Since 2013, Israeli doctors and nurses have treated more than 3,000 Syrians wounded in the bloody six-year civil war that has ravaged the country, killed some 400,000 people and caused a refugee crisis throughout Europe.
And, if some top officials in the Jewish state have their way, that’s just a start.
As the fighting heats up and with the recent sarin gas attack that killed more than 100 civilians in mind, not to mention a U.S. Tomahawk missile strike, Israeli hospitals are preparing for many more casualties.
Some of the patients are saying their treatment has changed their minds about Israel.
Dr. Salman Zarka, director of the Ziv Medical Center in the northern Israeli town of Safed and a former colonel in the medical corps who served on the Syrian border, says he “couldn’t then have imagined setting up a humanitarian program for Syrians.” Now his hospital has delivered 19 Syrian babies and sends prescriptions with patients back to their homeland.
Check out today the itinerary for the 2017 WND Israel tour, coming up this fall, or call the tour hosts at Coral Tours – (866) 267-2511 – for all the details.
“All this makes it more human, more complicated,” Zarka said, adding that he worries about patients he knows on a first name-basis who have returned to Syria.
Israel is now running regular medical rescue missions in response to attacks in Syria. For the more serious injuries, helicopters are dispatched for airlifts.
“We check their breathing, their pulse, their blood pressure – all their vital signs,” Lt. Omri Caspi, a medical officer told the Associated Press. “We take a look at their injuries, we saw the cuts, we checked the chest, the heads, everything, and then we decide which treatment they need.”
In 1967, Israel captured much of the Golan Heights, which had been occupied by Syria, and the mountains provide the Jewish state with a bird’s-eye view of the fighting between Russian, Iranian, Syrian and Hezbollah forces battling ISIS and other anti-Syrian government forces.
Two Syrian patients shared their experiences in Syria and Israel with the Associated Press as soldiers from the Israeli military supervised. The two spoke on condition of anonymity out of fear they or their families would be targeted in Syria if their stay in Israel is made public.
Both young men praised the Israeli people and government while lambasting Bashar Assad and his supporters. They said that as patients have returned to Syria from Israel, word has slowly spread that Israel can help those desperately wounded. The medical care is free of charge. The hospital said it doesn’t discriminate when it comes to admittance, and insists it doesn’t collect personal patient information.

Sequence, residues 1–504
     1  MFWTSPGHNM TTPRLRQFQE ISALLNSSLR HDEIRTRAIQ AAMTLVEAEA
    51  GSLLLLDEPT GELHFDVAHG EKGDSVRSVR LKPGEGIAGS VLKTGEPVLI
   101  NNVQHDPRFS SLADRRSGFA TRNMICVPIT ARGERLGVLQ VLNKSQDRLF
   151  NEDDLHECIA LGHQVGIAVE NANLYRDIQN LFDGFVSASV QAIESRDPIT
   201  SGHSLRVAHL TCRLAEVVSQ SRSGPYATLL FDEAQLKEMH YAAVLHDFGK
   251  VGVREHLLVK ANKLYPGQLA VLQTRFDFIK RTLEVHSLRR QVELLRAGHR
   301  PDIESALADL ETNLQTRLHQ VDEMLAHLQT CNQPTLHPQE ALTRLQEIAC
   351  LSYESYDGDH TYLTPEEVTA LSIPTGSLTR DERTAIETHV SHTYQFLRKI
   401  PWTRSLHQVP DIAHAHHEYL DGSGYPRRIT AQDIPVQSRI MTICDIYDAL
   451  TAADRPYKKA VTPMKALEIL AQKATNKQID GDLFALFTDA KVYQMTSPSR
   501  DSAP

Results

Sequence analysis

One patient, a 26-year old from Deraa, said he couldn’t find treatment in Syria’s devastated medical sector, so he made his way to Israel, a nation he was raised to hate.
“Back then when there were no incidents in Syria, no revolution, no nothing – the greatest enemy in the world was Israel. It was the first enemy,” he said.
His fellow patient used the pseudonym “Baibars.” A bomb crushed bones in his face, an injury that without medical help festered until he struggled to open his mouth. After 40 days in the Ziv hospital and many surgeries later, the 25-year-old now talks incessantly and even sings about lost love – in addition to praising for Israeli pastries.
“We reached countries that my grandparents did not reach and met good people,” he crooned through a jaw yet to fully healed. From his hospital room, he can see into Syria and counts among his enemies there Assad, Russia, Iran and Hezbollah, but not Israel.
“The regime has used chemical weapons since the beginning of the war,” Baibars says, referring to alleged attacks in East Ghouta and Dharaya.
“We were just trying to defend ourselves. The future of Syria has no Bashar Assad,” Baibars says. “Israel is not the enemy. Bashar is the enemy.”
“The Miracle of Israel,” narrated by the late Leonard Nimoy, reveals the story of the only nation in the history of the world that has maintained a national identity without a homeland – and did it for centuries.
Last week Jewish Home Minister Uri Ariel said he would like to see Israel doing more to aid the afflicted people of Syria.
“After we have all seen the inhuman events in Syria, I would like to say that while the state of Israel should not intervene militarily in Syria, it must lead the treatment of Syrian civilians and refugees and lead on the diplomatic avenue against the murderous Syrian regime,” he said. “We do not have the privilege to ignore this difficult reality, we must lead the world, as those who bear the human flag, as the people chosen by the Holy One, blessed be He.”
Meanwhile, Israel Ambassador to the United Nations Danny Danon strongly condemned the chemical weapons attack in the Idlib province, calling it “evil incarnate.”
He called on the U.N. Security Council to “use all its authority to put an end to the situation in Syria.”